P.B. Mukharji, J.
1. This Civil Revision under Section 115 of the Code of Civil Procedure is directed against the order passed by the Full Bench of two learned Judges of the Presidency Court of Small Cause Courts, Calcutta under Section 38 of the Presidency Small Cause Courts Act. The Bench dismissed the application under Section 38 of the Presidency Small Cause Courts Act affirming the decision of the learned Single Judge of that Court dismissing the plaintiffs suit.
2. The facts giving rise to the points of law may be set out briefly. The plaintiff instituted the suit for recovery of Rs. 844.76 paise alleged to be due by the defendant to the plaintiff. The plaintiff's pleading was that on the 5th January, 1956 he lent and advanced a sum of Rs. 775 for business purpose and the defendant acknowledged the sum in writing agreeing to pay interest at -/4/- annas per cent per month. The plaintiff based his claim on a promissory note or handnote dated 5th January, 1956. The defence was that the plaintiff and the defendant were speculators in the share market, the plaintiff incurred some losses in the share business on account of the laches of the defendant and therefore the defendant executed the Promissory Note. This defence was based on the allegation that the transaction between the plaintiff and the defendant was fatka or share speculation business and was a wagering contract. There was a denial of consideration.
3. The facts found by both the courts may now be clearly stated with a view to appreciate point of law. Both the courts found as a fact that the plaintiff and the defendant had dealings in the share market and in these fatka dealings the defendant became liable to the plaintiff for certain money. This was the money for which the Promissory Note was executed. The plaintiff and the defendant are related. The Promissory Note is marked Exhibit A. The defendant's case that he did not receive any cash consideration for this note has been believed and accepted to be true by both the courts as a fact. No doubt the plaintiff produced his cash book, Exhibit 2, in support of payment. He did not produce his account book relating to his share business and it was held that that was the more important book and it was withheld by the plaintiff purposely. The promissory note or the hand-note in its material portion expressly says that the defendant had received from the plaintiff Rupees 775 'in cash'. The courts have found that this was not written in the usual manner in which promissory notes were written and executed. They have also found that the document does not show that on the date it was executed the money was paid to the defendant. The plaintiff admitted in his evidence that his clerk was present at the time of the transaction but that material witness was not examined. The courts further found that there was no corroborative evidence of payment of any cash to the defendant by the plaintiff. Both the courts have held that the defendant suffered loss over fatka dealings in the Stock Exchange while doing business on plaintiff's account and in order to obtain money the plaintiff obtained this receipt, Exhibit 1. The courts held that under Section 30 of the Indian Contract Act fatka dealings come under the category of wagering contracts and these are wagering contracts and therefore void. On these findings the courts dismissed the plaintiff's suit.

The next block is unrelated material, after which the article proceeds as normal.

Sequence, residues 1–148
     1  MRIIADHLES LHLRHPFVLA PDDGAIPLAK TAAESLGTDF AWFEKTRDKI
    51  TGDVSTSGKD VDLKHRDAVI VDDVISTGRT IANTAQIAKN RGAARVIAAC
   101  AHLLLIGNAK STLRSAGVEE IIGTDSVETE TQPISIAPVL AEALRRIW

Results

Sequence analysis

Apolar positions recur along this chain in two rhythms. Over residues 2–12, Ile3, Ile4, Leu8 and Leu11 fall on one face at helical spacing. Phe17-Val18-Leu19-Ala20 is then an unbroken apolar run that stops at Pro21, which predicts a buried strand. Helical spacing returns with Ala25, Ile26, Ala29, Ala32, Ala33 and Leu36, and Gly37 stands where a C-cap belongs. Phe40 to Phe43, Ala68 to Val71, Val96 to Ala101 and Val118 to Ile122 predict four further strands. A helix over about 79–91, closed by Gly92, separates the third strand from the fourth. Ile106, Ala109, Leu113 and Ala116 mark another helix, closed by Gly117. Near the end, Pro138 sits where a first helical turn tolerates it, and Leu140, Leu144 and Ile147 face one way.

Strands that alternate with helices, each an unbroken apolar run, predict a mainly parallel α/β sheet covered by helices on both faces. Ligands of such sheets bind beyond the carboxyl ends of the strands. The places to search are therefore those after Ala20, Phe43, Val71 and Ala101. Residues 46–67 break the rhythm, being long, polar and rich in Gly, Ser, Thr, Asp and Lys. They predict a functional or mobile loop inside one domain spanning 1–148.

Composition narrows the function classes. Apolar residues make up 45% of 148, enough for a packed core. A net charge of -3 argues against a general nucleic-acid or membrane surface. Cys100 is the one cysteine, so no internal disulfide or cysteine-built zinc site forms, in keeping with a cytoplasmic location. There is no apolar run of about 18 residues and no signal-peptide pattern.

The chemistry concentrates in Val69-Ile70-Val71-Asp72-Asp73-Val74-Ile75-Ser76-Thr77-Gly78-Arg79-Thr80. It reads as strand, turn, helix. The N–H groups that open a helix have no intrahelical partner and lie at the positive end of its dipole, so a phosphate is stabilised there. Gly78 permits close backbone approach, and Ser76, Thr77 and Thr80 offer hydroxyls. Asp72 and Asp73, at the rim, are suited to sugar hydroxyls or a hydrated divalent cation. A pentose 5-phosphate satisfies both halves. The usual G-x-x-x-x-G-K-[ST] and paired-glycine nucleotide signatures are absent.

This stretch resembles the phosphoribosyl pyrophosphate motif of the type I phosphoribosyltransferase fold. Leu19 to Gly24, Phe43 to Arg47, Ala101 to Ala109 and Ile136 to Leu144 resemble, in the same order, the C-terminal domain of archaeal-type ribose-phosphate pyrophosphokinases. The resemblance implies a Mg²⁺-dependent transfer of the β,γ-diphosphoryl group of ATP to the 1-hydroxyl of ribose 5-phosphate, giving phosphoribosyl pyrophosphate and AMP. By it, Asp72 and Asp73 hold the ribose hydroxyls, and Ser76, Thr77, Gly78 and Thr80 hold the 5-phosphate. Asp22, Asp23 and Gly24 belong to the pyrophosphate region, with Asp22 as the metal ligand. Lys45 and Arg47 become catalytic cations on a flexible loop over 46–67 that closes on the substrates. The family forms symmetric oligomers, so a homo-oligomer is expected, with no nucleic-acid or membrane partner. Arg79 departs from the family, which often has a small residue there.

4. The plaintiff has now come up in revision before us. Mr. Dhar appearing for the plaintiff Petitioner has ably argued on the intricacies of law of wagering contract both in the English law as well as in the Indian Law. His main contention is that a promissory note executed for wagering transaction and considerations are not void or illegal and therefore, there should have been a decree in favour of the plaintiff in the above facts of the case. Mr. Dhar for the plaintiff petitioner invoked the well-known doctrines of collateral' contracts and 'substituted' contracts which do not come within the mischief of wagering contracts but which courts have held are good in law, The able learning and scholarship which Mr. Dhar has displayed included reliance on the two decisions of the Supreme Court in support of the plaintiffs contention.
5. The first case relied upon is Kishan Lal v. Bhanwar Lal, : 1SCR439 . That case was concerned with the following facts. A firm carried on the business of commission agents both at Indore and Jodhpur. B from Jodhpur entered into several forward contracts for the purchase and sale of bullion through the firm at Indore. These transactions proved unprofitable to B and the loss aggregated to a sum of Rs. 21,423-1-6 pies. The entire amount was paid to third parties at Indore by A on behalf of B and A received in all, a sum of Rs. 11457-8-0 which B paid from time to time, towards these losses, to As firm at Jodhpur. A therefore filed a suit in Jodhpur Court to recover the balance with interest. B pleaded inter alia that the transactions in suit amounted to wagering contract which were illegal according to the Notification dated 3rd Tune, 1943 issued under the Defence of India Rules and hence the suit was not maintainable. The Supreme Court on these facts came to the conclusion that the suit was really not one to enforce any contract relating to purchase or sale of bullion which came within the prohibition of the notification. The Supreme Court held that it was suit by an agent claiming indemnity against the principal for the loss which the agent had suffered in carrying out the directions of the principal.